• The BC must not take any action to implement that resolution for one week after the meeting; unless the Trustees resolve that there are reasonable grounds to believe that immediate action is needed to either:
    • Ensure safety, or
    • Prevent significant loss or damage to the scheme
  • Within the 7 days members holding at least 25% of the total votes of all members in value may request that another SGM be held to reconsider the resolution
  • If members so request a meeting the Trustees must not implement the resolution unless:
    • It is again past by special resolution
    • A quorum is not present within 30 minutes of the time set for the meeting

 

c) UNANIMOUS RESOLUTION
The STA and STSM Act provides for certain instances where a decision can only be taken by unanimous resolution of the BC.

Despite the meaning of the word a unanimous resolution is not necessarily a resolution passed by ALL the owners. And where it says written permission is needed from ALL owners you cannot call it a unanimous resolution.

It is possible to obtain a unanimous resolution in two ways – by having a meeting or by Round Robin.

If it is decided to have a meeting the following procedure must be followed:

  • At least 30 days’ notice must be given for the meeting (unless the rules provide for shorter notice in some instance)
  • Notice must be sent to all the persons prescribed
    Quote from the STSM Act:
    PMR 15(1). Subject to sub-rule (7), at least 14 days’ written notice of a general meeting specifying the place, date and hour of the meeting must be given to:
    (a) all members;
    (b) all registered bondholders;
    (c) all holders of future development rights; and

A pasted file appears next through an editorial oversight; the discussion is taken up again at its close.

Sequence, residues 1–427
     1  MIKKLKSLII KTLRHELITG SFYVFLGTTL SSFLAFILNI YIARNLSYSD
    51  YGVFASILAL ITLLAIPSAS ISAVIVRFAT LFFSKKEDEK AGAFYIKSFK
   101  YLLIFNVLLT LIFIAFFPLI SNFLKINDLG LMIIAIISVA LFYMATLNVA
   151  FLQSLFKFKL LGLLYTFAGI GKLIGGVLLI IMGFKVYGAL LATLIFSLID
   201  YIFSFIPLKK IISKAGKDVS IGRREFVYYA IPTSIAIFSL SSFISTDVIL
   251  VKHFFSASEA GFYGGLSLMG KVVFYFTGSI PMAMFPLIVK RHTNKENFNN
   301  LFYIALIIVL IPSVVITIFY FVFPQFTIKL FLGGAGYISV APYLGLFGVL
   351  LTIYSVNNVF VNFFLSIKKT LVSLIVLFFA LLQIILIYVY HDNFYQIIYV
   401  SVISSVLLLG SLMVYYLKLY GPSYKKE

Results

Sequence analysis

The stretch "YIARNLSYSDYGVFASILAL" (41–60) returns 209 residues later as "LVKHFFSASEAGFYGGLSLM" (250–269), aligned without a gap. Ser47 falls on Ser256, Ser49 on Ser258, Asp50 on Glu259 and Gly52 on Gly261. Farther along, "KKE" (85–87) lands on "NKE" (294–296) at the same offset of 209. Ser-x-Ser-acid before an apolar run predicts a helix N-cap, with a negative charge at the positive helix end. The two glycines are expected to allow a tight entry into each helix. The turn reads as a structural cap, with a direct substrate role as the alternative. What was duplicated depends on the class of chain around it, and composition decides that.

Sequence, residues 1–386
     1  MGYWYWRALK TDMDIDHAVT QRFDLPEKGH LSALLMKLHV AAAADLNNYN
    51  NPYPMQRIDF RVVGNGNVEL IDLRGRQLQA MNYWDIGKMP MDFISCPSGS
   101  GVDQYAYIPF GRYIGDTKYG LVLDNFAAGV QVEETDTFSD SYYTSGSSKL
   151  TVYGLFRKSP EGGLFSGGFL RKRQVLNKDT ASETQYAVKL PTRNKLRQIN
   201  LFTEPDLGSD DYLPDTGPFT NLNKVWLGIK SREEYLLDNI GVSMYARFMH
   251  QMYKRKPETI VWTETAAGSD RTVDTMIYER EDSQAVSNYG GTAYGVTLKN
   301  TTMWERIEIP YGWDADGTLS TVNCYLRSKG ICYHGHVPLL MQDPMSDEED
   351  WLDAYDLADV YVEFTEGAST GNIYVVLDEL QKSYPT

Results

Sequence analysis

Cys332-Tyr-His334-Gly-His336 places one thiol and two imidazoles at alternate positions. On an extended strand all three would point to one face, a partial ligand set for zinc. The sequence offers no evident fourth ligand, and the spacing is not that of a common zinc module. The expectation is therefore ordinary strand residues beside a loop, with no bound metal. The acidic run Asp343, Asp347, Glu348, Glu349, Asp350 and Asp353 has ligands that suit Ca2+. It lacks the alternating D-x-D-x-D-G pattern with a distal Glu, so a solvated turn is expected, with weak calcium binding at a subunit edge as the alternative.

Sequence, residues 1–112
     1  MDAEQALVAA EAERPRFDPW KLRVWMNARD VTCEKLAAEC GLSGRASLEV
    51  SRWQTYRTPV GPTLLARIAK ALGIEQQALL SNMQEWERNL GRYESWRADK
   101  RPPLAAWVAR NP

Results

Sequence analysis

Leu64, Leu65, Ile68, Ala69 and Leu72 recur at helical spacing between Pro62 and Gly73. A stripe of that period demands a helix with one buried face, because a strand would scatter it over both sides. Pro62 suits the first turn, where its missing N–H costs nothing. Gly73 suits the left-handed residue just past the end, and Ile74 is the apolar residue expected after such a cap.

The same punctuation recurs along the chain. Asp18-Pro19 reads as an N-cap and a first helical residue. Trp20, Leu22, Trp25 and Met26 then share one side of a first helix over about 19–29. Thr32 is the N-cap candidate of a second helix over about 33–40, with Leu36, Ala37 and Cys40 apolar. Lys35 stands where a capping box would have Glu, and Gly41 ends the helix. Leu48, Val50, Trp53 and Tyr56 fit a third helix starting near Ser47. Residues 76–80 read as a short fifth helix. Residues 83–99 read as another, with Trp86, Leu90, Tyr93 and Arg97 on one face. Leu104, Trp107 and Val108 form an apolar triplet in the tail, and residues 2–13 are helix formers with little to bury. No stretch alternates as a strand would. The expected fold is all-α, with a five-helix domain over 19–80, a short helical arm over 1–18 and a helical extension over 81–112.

(d) the managing agent.
  • The notice must include all items as prescribed
    Quote from the STSM Act:
    PMR 15(3)The notice of a general meeting must be accompanied by at least –
    (a) an agenda, as required in terms of these rules;
    (b) a copy or comprehensive summary of any document that is to be considered or approved by members at the meeting; and
    (c) a proxy appointment form in the prescribed format.
  • The notice must be delivered as prescribed
    Quote from the STSM Act:
    Section 6 (3) The notice contemplated in subsection (2) must be—
    (a) delivered by hand to a member;
    (b) sent by pre-paid registered post to the address of a member’s section in the relevant scheme; or
    (c) sent by pre-paid registered post to a physical or postal address in the Republic of South Africa that a member has chosen in writing for the purposes of such notice.(4) In addition to subsection (3), a notice contemplated in subsection (2) may also be sent to a member by fax or email.

  • At the meeting a special quorum must be present – 80% of all members present or represented; counted in number and in value
  • Everyone at the meeting is entitled to vote
  • ALL the members present AND voting at the meeting must then vote in favour of the resolution. In practical terms this means that should there be a quorum of 80% of the members in number and value and only 2 vote and vote in favour and all the others present at the meeting abstains then the resolution is passed.History:
    Under the previous Act (before 7 Oct 2016) an abstention was counted as a vote in favour – this is no longer the case. Now an abstention is just what it is – no vote made.
  • Where the unanimous resolution would have an unfairly adverse effect on any member the resolution is not effective unless that member consents in writing within 7 days from the date of the resolution

 

If it is decided to pass the resolution on a Round Robin basis the proposed resolution must be circulated to all owners and approved by ALL the owners.

The STSM Act since 7 October 2016 makes provision for the BC or an owner who is unable to achieve a unanimous resolution to approach the Chief Ombud for relief.  Before this it was only possible to approach a court.